- By Kaili Berg
Diabetes affects a staggering number of adults and children across the United States — 37.3 million, or 1 in 10 — and rates are even higher in Native communities.
American Indians and Alaska Natives (AI/AN) are almost three times more likely to be diagnosed with diabetes and two times more likely to die from diabetes, according to the U.S Department of Health and Human Services.
Diabetes is a life-long disease that affects the way your body handles glucose, a kind of sugar, in your blood. Your body changes most of the food you eat into glucose, which your body uses for energy. Your blood takes the glucose to the cells throughout your body. While Your blood always has some glucose in it, too much leads to adverse health outcomes.
Type 1 diabetes is commonly diagnosed in children and young adults, and it's a lifelong condition. If you have this type of diabetes, your body does not make insulin, so you must take insulin every day.
Type 2 diabetes occurs when your body becomes insulin resistant and produces less of it. Factors that contribute to type 2 diabetes include obesity, lack of exercise and genetics.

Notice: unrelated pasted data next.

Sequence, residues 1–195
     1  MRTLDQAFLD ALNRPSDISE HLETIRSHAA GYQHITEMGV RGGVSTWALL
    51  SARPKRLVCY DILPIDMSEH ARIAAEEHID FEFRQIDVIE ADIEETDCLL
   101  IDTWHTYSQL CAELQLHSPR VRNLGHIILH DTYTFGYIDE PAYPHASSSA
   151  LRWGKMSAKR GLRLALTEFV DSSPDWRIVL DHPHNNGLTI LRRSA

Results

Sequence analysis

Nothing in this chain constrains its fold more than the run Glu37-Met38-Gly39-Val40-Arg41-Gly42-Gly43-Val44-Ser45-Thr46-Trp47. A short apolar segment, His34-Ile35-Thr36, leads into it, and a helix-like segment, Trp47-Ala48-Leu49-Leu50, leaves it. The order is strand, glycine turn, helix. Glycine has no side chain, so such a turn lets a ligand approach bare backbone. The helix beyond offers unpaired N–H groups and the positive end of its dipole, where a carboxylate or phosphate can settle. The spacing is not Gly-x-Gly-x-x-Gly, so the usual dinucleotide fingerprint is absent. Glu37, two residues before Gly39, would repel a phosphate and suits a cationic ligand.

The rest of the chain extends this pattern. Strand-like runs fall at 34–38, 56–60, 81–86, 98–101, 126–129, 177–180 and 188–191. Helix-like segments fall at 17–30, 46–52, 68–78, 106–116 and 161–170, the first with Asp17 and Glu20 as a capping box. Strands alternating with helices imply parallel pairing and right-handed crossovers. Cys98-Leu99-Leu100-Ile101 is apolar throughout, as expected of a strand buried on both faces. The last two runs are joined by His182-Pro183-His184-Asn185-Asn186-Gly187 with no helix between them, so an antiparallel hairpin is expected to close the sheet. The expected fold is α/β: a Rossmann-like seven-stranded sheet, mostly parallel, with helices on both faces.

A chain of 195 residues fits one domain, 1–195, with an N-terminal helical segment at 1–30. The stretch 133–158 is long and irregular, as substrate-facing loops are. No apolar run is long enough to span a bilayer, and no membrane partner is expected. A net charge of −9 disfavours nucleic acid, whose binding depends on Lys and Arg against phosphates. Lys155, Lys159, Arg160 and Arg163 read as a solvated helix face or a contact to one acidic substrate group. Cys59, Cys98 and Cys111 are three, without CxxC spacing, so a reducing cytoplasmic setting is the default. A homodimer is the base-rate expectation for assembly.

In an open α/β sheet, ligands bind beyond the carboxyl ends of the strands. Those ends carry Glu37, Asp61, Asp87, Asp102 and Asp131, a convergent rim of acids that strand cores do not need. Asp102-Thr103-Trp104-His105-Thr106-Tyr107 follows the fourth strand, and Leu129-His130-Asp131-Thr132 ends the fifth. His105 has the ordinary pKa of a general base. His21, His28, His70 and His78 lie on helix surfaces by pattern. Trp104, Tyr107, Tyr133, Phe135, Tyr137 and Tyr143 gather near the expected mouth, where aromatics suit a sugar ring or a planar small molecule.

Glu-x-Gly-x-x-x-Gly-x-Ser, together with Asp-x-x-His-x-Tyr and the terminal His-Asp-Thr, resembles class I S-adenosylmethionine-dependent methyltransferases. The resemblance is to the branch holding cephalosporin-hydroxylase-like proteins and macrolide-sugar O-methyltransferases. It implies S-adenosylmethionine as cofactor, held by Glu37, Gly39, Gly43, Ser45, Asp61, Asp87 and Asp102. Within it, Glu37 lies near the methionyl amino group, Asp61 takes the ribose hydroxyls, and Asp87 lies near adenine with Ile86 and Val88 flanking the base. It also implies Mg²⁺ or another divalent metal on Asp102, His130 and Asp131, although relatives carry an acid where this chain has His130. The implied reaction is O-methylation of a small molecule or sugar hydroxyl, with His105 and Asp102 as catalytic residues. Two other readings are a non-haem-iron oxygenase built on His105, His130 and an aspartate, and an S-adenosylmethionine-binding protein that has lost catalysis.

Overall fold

Diabetes is a self-managed disease. People with diabetes must take responsibility for their day-to-day care. The chances of having diabetes complications can be reduced or delayed significantly by keeping blood glucose (blood sugar), blood pressure and cholesterol levels in the target range.
The National Diabetes Education Program recommends the following targets for reducing risk of heart disease and stroke for people with diabetes:
- A1C (Blood Glucose): Less than 7 percent (check at least twice a year)
- Blood Pressure: Less than 130/80 mmHg (check every doctor’s visit)
- Cholesterol (LDL): Less than 100 mg/dl (check once a year)
Good diabetes care includes regular kidney testing and education about kidney disease and treatment as well. Kidney failure can be delayed or prevented by controlling blood pressure and blood sugar and by taking medicine that protects the kidneys.
It is important to check your blood glucose level and speak with your doctor to take positive steps to help prevent type two diabetes. For more information and resources about diabetes and how to manage it, here is a list of resources.
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